This attitude was evidenced by successive nondescript changes in the Ministry of Defence and the meagre allocation of resources for defence in the national budget. It is a poor commentary on the type of military advice available at the time that military power was not given its rightful place in national strategy. The pliable defence chiefs, who toed the line, were equally to blame for the criminal neglect of defence needs in the subsequent decade.

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3 thoughts on “Evolution of Indian Military Concepts

  1. An excellent and concise article.

    Military excellence does not come automatically with rank, as history proves. It has to be earned with successes in War, against a strong opponent. At every stage of command, the methods for attaining success varies. This requires deep study of warfare, both modern and ancient. There are no ‘fixed and laid-down methods’ for attaining success. The method has to vary in each instance and period, even for the same type of situation.
    This the higher commanders in Indian Armed Forces have to realise. ‘Innovative and practical thinking’, has to be always encouraged as the Israelis do. Good course gradings and good ACR reports do not produce successful commanders in War, as the military history of WW II had amply proved.
    Let us emerge from the condition of accepting only stereotyped thinking into the condition of making best use of available war-making resources swiftly, to unbalance the enemy’s battle-plans and concept of war, and attain decisive results.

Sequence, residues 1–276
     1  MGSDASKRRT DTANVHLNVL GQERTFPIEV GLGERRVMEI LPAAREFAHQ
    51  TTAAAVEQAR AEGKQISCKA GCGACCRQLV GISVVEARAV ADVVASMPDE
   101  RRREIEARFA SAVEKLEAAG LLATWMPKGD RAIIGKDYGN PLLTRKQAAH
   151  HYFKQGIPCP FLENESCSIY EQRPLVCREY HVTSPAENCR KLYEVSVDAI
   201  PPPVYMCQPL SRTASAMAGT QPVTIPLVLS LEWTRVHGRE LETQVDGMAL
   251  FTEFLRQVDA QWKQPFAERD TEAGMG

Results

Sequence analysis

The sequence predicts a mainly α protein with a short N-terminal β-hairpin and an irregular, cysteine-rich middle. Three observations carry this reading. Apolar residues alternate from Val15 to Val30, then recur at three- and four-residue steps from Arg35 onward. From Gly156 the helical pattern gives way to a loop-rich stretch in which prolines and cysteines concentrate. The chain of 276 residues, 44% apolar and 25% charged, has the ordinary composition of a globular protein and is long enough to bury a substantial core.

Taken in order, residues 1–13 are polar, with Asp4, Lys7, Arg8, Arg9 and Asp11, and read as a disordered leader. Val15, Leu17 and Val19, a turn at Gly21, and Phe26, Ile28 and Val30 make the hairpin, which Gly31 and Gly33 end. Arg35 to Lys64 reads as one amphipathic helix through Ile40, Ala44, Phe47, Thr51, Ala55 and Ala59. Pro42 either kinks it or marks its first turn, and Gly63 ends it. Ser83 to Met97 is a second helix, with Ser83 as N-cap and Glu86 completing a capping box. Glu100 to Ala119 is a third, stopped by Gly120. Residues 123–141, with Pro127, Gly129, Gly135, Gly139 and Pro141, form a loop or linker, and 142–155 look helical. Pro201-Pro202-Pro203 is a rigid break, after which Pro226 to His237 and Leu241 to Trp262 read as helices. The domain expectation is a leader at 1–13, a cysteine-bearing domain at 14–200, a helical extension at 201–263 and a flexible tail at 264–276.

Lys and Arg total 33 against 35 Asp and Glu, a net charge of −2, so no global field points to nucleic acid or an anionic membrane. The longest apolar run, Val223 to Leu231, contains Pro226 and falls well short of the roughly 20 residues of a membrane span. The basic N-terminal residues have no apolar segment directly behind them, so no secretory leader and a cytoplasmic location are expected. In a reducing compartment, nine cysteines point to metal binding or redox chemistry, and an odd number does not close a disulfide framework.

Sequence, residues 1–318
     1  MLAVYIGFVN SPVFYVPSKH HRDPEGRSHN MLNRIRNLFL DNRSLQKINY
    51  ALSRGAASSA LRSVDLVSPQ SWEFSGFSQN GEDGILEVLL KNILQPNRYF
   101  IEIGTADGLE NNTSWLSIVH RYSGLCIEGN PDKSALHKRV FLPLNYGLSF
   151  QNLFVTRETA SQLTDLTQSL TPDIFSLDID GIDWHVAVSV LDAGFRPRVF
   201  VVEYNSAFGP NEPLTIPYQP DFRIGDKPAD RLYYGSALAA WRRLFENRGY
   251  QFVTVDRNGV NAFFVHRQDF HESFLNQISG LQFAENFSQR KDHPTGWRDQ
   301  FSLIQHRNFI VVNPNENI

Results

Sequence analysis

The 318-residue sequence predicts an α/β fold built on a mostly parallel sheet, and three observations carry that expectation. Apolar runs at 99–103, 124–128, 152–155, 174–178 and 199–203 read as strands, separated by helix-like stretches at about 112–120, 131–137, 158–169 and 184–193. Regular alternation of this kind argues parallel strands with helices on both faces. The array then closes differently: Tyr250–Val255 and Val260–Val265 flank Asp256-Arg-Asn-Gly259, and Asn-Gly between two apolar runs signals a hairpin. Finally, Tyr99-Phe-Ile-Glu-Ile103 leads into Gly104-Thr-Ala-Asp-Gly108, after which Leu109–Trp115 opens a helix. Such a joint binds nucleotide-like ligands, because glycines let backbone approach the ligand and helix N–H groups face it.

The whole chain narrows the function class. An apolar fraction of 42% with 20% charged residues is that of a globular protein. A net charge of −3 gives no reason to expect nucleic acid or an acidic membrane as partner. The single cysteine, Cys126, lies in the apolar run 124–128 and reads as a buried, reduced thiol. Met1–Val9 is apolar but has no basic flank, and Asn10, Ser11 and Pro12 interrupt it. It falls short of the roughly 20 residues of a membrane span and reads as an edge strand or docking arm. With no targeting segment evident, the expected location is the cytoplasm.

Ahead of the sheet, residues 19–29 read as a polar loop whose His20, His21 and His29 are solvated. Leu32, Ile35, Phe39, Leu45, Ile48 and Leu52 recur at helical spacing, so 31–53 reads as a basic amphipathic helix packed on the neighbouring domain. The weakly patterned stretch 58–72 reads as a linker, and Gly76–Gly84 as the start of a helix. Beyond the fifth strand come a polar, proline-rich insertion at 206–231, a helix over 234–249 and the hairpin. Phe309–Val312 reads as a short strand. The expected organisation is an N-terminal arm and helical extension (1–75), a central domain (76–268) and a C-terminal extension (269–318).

Lastly, the Infantry should not be sacrificed pointlessly in being thrown into offensive actions in the plains – this is the preserve of the mechanised forces committed in a definite ‘Air-Land’ battle doctrine framework, except in offensive actions in built up areas which are heavily defended.

    Good luck to those who can reap the dividends of understanding our past mistakes !

    • @Achutan= I tend to agree with him but would like to add there is a separate class in existence behind the scenes Known as the WARRIOR and the SOLDIER former is a non grade and ACR conscious and the later is a BABU == grade , ACR and staff college conscious and = Staff college eligibility should start after an officer has completed his command or attained his rank of Colonel or so not as a Major who start planning when he is a Captain and some keen kumars start planning the moment they are out of the Academy knowing nothing of field tactics and duties. There should be two streams in one is STAFF and other COMMAND AFTER Brigadier level .Further the appointment of Adjutant and Brigade Major should be abolished and Second in Command and Deputy Brigade Commander placed instead of them this will release young officers for field duties and more experienced persons in actual conduct
      As a corollary to above training courses should be confined to just Tactics and weapons upto Battalion level and any additional information or training should be imparted in situ by expert groups coming to Battalions conducting refresher courses and not individuals going to institutions which are white elephants

  2. Evolution of minds is what matters.

    you are an ally of world, we are friends of our Lord.

    You fight for mortality, we run for eternity.

    We are trained to conquer, you are lost in wishes.

    you scream for mischief, we only seek silence.

    you will retaliate in oppression, we slay for pride and honor.

    you are a Gernal, with a tongue of a teenager.

    – Do not cross Loc.